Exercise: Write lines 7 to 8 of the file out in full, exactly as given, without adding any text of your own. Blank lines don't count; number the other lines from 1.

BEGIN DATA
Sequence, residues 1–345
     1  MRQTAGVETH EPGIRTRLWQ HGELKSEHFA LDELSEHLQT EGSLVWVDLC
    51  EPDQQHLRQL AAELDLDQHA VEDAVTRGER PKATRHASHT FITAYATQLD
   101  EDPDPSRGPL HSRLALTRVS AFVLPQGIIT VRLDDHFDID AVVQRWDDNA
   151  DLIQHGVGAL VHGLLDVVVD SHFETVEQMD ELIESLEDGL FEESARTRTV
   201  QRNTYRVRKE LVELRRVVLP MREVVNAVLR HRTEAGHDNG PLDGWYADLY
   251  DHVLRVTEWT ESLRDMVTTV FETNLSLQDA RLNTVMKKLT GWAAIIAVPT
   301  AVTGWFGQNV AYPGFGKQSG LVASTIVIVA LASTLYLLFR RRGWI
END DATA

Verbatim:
   251  DHVLRVTEWT ESLRDMVTTV FETNLSLQDA RLNTVMKKLT GWAAIIAVPT
   301  AVTGWFGQNV AYPGFGKQSG LVASTIVIVA LASTLYLLFR RRGWI